SWA appeal against minimum unit pricing underway

The Scotch Whisky Association’s (SWA) appeal against minimum unit pricing (MUP) in Scotland has begun at London’s Supreme Court, with the decision likely to  set a precedent on the future of alcohol pricing in the UK.

The Scottish government approved plans to introduce MUP on alcohol, which would see a minimum of 50 pence charged per unit of alcohol sold, in 2012. Under the plans, the cheapest bottle of wine would be £4.69, a four pack of 500ml cans of beer would cost at least £4 and a bottle of whisky could not be sold for less than £14.

However the plans are yet to be imposed and have long been the subject of debate and resistance by the SWA, which has argued that such a measure would not reduce the number of heavy drinkers in Scotland and was in breach of European law.

This was confirmed by the European Court of Justice last year, which agreed that Scotland’s plan to introduce MUP is illegal because it breaches EU trade laws.

Despite this, in October 2016 the Court of Session rejected a challenge to minimum unit pricing brought by the SWA, paving the way for the government to push forward with the controversial policy.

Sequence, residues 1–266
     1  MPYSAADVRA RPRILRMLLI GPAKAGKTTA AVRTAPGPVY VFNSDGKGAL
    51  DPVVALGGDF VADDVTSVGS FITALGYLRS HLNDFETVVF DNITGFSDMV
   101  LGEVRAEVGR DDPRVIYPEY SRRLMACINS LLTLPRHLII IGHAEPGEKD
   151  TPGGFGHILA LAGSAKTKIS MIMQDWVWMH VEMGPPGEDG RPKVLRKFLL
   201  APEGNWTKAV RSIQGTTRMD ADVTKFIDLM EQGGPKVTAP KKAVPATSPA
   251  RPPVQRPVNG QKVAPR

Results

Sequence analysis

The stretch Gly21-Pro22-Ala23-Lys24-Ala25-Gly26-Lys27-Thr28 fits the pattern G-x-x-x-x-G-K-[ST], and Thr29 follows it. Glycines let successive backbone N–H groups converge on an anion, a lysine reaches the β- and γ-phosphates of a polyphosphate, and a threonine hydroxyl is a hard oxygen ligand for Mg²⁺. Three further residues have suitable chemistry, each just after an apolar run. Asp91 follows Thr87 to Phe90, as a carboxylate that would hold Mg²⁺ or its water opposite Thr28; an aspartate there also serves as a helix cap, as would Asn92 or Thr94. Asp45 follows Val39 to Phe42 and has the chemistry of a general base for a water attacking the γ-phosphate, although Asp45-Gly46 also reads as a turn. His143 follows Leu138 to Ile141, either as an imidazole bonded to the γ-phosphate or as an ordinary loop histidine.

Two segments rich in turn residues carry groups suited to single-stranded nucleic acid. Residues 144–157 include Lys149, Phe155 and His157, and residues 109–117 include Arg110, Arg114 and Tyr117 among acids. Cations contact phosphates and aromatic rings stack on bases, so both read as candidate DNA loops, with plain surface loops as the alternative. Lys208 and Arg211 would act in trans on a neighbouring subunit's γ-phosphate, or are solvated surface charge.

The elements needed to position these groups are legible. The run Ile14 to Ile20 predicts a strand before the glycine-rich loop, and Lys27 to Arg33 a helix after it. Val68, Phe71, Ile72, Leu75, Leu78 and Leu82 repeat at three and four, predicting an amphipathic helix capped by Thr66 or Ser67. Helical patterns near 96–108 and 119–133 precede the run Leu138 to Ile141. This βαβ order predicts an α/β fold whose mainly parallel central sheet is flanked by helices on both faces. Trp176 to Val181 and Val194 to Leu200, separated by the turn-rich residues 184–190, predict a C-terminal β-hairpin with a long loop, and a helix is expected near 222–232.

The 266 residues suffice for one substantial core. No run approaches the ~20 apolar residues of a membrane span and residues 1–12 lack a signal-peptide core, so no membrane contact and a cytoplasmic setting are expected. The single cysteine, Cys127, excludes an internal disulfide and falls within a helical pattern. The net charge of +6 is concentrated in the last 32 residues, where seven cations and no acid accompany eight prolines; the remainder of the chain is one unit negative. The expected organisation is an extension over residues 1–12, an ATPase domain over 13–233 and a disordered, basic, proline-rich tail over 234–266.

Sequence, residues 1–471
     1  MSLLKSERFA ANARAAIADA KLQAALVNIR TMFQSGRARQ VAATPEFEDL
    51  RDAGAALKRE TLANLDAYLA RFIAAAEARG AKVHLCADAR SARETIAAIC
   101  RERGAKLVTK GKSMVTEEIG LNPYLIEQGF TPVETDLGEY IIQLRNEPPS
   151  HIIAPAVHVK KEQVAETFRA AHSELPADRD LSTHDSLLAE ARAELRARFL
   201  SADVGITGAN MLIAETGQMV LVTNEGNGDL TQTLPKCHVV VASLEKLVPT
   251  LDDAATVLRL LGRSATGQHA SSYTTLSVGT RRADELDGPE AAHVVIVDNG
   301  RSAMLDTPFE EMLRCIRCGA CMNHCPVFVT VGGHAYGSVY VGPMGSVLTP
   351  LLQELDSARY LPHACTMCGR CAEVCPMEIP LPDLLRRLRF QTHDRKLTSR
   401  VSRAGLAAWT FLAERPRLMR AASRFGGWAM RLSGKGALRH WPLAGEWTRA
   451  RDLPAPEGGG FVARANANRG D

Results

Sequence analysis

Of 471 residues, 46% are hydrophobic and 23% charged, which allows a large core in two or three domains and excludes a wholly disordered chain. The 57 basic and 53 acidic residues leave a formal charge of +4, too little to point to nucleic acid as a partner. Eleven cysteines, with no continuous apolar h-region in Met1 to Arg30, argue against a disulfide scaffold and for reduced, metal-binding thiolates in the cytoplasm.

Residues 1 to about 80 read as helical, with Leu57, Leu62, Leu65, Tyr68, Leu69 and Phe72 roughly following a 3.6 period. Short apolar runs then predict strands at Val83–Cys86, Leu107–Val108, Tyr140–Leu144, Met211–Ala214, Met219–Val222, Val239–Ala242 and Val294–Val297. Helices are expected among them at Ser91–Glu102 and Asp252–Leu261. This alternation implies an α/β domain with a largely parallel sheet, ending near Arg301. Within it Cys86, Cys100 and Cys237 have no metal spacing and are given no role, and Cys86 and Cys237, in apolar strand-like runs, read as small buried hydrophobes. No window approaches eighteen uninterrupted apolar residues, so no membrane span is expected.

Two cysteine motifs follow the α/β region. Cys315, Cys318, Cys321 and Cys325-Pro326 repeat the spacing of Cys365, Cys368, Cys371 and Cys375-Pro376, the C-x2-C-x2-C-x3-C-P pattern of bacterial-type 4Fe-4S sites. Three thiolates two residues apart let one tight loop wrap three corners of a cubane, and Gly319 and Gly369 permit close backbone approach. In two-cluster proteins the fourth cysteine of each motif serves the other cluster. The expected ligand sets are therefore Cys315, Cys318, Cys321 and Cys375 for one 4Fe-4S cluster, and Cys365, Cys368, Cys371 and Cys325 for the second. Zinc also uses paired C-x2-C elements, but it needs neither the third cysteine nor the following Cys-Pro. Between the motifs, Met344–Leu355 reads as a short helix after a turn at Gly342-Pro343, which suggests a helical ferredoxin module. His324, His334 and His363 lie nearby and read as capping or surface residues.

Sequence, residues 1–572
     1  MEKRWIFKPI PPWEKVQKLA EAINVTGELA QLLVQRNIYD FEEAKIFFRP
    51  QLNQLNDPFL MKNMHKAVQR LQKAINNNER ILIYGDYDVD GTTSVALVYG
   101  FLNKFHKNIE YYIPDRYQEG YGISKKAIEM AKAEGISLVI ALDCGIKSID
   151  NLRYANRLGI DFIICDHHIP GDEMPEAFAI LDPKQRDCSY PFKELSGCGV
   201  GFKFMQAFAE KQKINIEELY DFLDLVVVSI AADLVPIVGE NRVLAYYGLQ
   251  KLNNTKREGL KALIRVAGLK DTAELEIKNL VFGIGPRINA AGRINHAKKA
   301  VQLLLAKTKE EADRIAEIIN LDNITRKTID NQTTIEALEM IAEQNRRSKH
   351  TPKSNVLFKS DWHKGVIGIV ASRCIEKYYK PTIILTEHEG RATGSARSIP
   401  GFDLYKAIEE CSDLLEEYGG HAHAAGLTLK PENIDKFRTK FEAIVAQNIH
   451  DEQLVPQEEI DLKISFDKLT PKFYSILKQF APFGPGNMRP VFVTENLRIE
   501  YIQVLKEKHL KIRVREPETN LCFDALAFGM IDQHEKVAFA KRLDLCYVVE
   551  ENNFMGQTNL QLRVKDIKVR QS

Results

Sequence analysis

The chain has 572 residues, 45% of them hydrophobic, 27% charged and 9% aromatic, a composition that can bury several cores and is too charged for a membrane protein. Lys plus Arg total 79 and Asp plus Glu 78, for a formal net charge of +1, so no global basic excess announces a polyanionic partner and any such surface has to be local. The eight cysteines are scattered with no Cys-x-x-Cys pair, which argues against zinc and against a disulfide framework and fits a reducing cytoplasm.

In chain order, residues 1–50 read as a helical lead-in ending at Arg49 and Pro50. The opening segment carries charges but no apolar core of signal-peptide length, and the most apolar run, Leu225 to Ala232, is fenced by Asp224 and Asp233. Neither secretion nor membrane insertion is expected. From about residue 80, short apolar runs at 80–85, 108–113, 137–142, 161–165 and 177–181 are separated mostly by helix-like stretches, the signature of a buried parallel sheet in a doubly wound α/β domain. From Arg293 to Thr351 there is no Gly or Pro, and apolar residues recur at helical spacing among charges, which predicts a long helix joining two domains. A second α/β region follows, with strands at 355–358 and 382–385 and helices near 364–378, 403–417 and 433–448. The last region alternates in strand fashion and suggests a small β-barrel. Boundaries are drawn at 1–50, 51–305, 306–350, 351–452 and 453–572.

In November the SWA confirmed it would be appealing the decision, taking its case to the UK Supreme Court in London.

Speaking on BBC Radio Scotland’s Good Morning Scotland, Karen Betts, chief executive of the SWA, said: “We believe that the minimum pricing of alcohol is illegal under EU law. Minimum pricing actually amounts to a trade barrier and this is a real concern for our industry.

“The success of Scotch really depends on our ability to sell successfully overseas, so if other markets respond by imposing similar barriers to free competition, Scotch will be damaged and with it the communities, the jobs which rely on the industry’s continued success.”

During the appeal, the trade body will argue that alternative pricing measures exist that would be less disruptive of free trade and competition across the EU single market, and would have at least an equivalent level of effectiveness in achieving the aim of the Scottish Government to improve public health.

While the SWA is fighting for Scotch specifically, the decision is likely to set a precedent for all future proposals for minimum unit pricing of alcohol in the UK, with the issue now complicated by the uncertainty over the UK’s membership of the European Union, which arose after the initial decision was taken in 2012 by MSPs.

The SWA’s appeal will be heard in London on Monday and Tuesday of this week.

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